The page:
To raise additional revenue, an amendment to House Bill 2380 sought to add services in recreational establishments to the state sales tax (membership is already taxed, but personal training is not). The amendment has not advanced since its introduction. Separately, multiple proposals were filed to expand the membership tax to non-profit or government operated fitness facilities, currently exempt from the tax. Those proposals have not advanced into law.

    Though health club membership is already subject to the state sales tax in Nebraska, services, such as personal training, are not taxed. Legislative Bill 312 was introduced to expand the sales tax to instruction in recreational activities (in addition to music and golf), which stands to impact group fitness classes and personal training in health clubs. The legislation has not advanced since its spring hearing.

    Members of the Ohio House introduced legislation that would repeal the sales tax on gym membership, but only for non-profit facilities. IHRSA’s position is that a sales tax repeal should benefit consumers at all fitness facilities, not just the non-profit customers. House Bill 177 remains pending in its committee, which has received testimony from IHRSA and its members.

    Pennsylvania, a state that both struggles to meet its budget objectives and has grassroots support to replace property taxes with an expanded sales tax, poses a continuing threat to the health club industry. Legislation that would impose a 7% tax on health club membership and services, among other types of consumer purchases in order to eliminate property tax burdens, will carry over to 2018. IHRSA and Pennsylvania health clubs were active in opposing Senate Bill 76 this past year

    Senate Bill 5937A proposes to create a sales tax exemption for membership at a CrossFit, as long as the facility has 300 or fewer members. IHRSA’s position is that a sales tax repeal should benefit all fitness consumers. IHRSA will continue to monitor the bill in 2018 and will engage if the bill’s committee considers the issue through a public hearing.


    Legislators considered expanding the sales tax to cover additional consumer purchases—including fitness memberships—as part of some budget and revenue proposals. However, a tax on fitness didn’t advance to the final version of Senate Bill 9. IHRSA closely monitored the bill, and IHRSA member clubs let their elected officials know they opposed any tax on fitness. Ultimately, legislators chose to raise the personal income tax and increase the corporate income tax. IHRSA estimates that it would’ve cost each club in Illinois approximately $37,000 per year if the state sales tax was applied to health clubs.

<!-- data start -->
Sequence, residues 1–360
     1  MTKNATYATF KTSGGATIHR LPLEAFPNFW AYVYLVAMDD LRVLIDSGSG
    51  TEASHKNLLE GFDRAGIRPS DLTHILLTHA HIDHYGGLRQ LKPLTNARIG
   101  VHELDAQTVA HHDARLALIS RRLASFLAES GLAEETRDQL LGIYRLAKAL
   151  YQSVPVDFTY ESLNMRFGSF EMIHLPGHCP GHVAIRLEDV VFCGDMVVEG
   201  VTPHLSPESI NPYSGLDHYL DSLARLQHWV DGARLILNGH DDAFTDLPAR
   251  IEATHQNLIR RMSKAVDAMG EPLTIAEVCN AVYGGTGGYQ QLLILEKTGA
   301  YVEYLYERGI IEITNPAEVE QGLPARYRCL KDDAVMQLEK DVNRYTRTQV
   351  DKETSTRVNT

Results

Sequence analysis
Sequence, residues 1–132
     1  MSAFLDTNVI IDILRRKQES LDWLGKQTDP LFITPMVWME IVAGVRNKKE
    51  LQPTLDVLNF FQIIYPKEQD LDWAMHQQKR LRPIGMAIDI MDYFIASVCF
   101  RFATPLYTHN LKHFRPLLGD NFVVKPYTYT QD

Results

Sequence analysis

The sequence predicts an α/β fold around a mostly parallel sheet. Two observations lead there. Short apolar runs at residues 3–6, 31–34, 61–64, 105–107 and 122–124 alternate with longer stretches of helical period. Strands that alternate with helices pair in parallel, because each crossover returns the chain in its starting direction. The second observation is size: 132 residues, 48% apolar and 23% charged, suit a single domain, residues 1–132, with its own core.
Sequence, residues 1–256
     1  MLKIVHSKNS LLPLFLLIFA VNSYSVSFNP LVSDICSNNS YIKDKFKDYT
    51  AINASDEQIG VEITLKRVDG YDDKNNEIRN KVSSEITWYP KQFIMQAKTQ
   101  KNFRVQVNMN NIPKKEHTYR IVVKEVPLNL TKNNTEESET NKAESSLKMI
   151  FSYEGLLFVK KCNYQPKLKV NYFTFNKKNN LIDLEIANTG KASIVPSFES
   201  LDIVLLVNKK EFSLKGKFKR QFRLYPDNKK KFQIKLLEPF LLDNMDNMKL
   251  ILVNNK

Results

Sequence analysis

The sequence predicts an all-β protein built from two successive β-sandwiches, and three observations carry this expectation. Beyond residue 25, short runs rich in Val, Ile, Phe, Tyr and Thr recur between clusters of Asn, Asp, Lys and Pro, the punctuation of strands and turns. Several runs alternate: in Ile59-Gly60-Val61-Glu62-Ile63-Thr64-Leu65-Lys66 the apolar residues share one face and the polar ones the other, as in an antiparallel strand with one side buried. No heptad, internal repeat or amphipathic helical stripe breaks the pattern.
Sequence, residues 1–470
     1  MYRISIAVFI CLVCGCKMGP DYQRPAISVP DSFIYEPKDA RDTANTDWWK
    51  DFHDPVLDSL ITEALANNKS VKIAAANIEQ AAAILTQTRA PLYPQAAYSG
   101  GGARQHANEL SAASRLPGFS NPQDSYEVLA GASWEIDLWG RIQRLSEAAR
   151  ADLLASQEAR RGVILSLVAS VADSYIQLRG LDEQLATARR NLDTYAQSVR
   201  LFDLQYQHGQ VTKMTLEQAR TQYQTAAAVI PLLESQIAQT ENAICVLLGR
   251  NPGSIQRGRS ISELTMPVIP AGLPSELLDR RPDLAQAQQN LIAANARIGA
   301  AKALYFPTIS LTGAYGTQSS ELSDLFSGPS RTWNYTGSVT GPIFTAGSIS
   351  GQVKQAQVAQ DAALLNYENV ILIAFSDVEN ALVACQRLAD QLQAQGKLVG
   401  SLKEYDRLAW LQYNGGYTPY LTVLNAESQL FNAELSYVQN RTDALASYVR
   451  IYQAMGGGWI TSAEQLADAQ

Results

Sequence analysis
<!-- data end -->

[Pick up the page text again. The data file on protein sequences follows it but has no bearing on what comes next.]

IHRSA defeated a proposal to expand the Maine sales tax to health club membership, helping save the average club $32,000 per year. Governor Paul LePage proposed taxing health club membership in his original budget blueprint in January and in a revised proposal released in May. Maine health club owners, operators, and consumers rallied against the proposed tax, contacting their state representatives and senators and attending public hearings on the budget. In July, the budget, without a tax on wellness, became law.

    After 260 messages were sent to lawmakers via an IHRSA grassroots advocacy campaign, the House voted down House Bill 620, which called for a 2% sales tax on personal property and services, including charges for sporting, athletic, and recreational activities. A separate bill, House Bill 640, called for a 4% sales tax on the same purchases. After IHRSA sent testimony to key lawmakers opposing House Bill 640, the House Taxation Committee did not advance the bill to the House floor. Both pieces of legislation were an attempt to replace Montana’s property tax system. IHRSA estimates that a 2% sales tax would’ve cost each club $14,000 per year, and a 4% tax would’ve cost each club $28,000 per year, based on industry data.

    West Virginia
    IHRSA and its members successfully advocated against expanding the state sales tax to include memberships at a fitness facility and saved the average health club approximately $38,000 per year. Ten pieces of legislation, all drafted with the aim of lowering the personal income tax while increasing and expanding the sales tax, threatened the current sales tax exemption for fitness memberships. All of those bills were defeated, and two legislators were inclined to introduce a standalone amendment to preserve the exemption.

    House Bill 243, legislation proposing to apply the Wyoming sales tax to services at physical fitness centers and membership sports clubs, did not advance this session. IHRSA and a Wyoming-based club submitted testimony opposing the bill. The House Revenue committee voted unanimously not to tax fitness. IHRSA estimates the bill would have cost each club $28,000 per year, based on industry data and a 4% sales tax.

    Advancing the Health Club Industry

    “The potential legislative threats that exist, are frankly, never-ending ... I’m happy to donate each year because I know the lessons learned fighting in Minnesota are going to help me in Maine someday, and so are the legal issues causing problems in New York.”